SAN PEDRO — Although money problems still stand in the way, the San Pedro Historical Society's effort to restore the turn-of-the-century Muller House began last week with work on the new foundation.
It has been three years since Bill Muller, a grandson of the original owner, gave the society the 10-room Colonial Revival house on the condition that the group move it from its 19th Street site, which Muller planned to sell to a developer.
In February, the society moved the house six blocks north to a palm-lined lot overlooking San Pedro Bay's freighters and oil tanks.
But after spending $18,000 on moving costs and city fees, the society needed about $15,000 to pay for a foundation and restoration. A corporate sponsor recently donated $10,000, which is being used to build the foundation, said society President Art Almeida.
On Historic List
The house, which is on the City of Los Angeles List of Historic Cultural Monuments, needs the chimney strengthened to meet city codes, as well as a staircase leading to the front door. It could also use exterior paint, wallpaper and polishing of the interior African gumwood and teak, Almeida said.
The society plans to use the house as a headquarters and public museum. The group currently houses its archives, photographs and memorabilia at the San Pedro Municipal Building.
As for the interior, "that house is not in bad shape," Almeida said. "We've stripped the house inside--the doorknobs and chandeliers--so there's nothing of value to steal in it." As an extra precaution against vandalism, the society installed a chain-link fence around the house.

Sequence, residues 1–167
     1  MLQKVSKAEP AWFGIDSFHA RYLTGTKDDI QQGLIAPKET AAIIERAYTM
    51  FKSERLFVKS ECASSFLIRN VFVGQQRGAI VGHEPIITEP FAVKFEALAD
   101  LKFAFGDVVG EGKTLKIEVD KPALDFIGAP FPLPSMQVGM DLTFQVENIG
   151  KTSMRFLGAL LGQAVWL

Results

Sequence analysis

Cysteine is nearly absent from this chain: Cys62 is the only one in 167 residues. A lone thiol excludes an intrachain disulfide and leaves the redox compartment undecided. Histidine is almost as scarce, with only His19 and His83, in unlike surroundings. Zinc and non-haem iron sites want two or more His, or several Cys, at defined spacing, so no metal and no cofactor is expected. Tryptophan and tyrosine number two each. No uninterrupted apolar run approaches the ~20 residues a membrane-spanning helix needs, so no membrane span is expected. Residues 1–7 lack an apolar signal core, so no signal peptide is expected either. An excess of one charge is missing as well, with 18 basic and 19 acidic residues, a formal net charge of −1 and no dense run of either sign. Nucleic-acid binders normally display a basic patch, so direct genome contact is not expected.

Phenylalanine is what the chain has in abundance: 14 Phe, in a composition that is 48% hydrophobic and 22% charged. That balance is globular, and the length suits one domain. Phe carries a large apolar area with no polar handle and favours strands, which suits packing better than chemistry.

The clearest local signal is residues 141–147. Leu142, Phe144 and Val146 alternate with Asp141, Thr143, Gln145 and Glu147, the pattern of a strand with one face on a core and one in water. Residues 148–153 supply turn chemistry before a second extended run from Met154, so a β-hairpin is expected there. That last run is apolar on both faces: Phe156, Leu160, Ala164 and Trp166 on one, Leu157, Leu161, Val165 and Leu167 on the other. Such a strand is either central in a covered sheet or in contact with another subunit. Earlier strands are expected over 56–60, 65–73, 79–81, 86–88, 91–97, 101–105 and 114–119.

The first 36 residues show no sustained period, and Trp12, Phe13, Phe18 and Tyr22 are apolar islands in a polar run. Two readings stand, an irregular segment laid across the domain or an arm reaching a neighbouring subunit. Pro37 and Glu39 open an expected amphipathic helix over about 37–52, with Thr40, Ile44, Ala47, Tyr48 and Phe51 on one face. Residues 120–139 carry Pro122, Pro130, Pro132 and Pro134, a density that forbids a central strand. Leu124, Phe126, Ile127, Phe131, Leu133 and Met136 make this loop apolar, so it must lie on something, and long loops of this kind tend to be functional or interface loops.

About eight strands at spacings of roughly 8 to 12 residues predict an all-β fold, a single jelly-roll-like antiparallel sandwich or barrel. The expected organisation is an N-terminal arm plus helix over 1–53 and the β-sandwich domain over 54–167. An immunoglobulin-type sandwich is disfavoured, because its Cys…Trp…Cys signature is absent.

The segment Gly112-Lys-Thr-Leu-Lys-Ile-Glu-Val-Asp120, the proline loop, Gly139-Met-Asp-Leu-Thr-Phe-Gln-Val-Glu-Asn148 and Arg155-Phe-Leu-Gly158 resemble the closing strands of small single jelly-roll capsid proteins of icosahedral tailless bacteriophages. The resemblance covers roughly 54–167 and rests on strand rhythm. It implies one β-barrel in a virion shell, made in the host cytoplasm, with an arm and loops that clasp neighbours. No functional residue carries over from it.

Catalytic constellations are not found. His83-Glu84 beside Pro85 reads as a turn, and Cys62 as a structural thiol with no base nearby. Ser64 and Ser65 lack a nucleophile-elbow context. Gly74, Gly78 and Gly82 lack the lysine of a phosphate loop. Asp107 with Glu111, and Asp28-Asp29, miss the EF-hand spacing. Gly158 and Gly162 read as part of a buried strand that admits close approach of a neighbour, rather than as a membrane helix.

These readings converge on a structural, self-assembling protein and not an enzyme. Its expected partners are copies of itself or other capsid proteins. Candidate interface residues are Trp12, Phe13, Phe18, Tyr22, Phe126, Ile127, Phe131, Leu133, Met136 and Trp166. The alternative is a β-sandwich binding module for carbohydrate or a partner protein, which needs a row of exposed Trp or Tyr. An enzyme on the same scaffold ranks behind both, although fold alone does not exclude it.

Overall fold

The Historical Society still needs to replace its $400,000 liability insurance policy, canceled two weeks ago by Ohio Casualty Insurance Co.
"One quote was that it will cost $25,000, and that's too much for us," Almeida said.
Almeida said he does not know why the policy was canceled. New coverage is needed before the house can be occupied or opened to the public, but restoration can proceed because workers are covered by the contractor's insurance.
The Historical Society chose the house's 1543 Beacon street address to correspond with the year that Spanish explorer Juan Cabrillo discovered San Pedro Bay.
Muller Noted Shipbuilder
The house was built in 1899 by Harbor-area contractor Edward Mahar. It was bought in 1901 by William Muller, who in 1912 had it moved from 1st and Front streets to 19th Street. Almeida explained why the society chose the house as a headquarters:
"Architecture for one, the fact that it was built by a pioneer contractor and owned by a pioneer German immigrant shipbuilder who built some distinguished ships in San Pedro."
William Muller's daughter, the late Margarethe Muller, lived in the house most of her life.
The city required the society to put up a $3,000 bond to be used to demolish the house if the society fails to complete restoration by January, 1988, but Almeida is hopeful that an extension will be granted if necessary. Meanwhile, a fund-raising dinner and other events are being planned to obtain the rest of the money needed for restoration.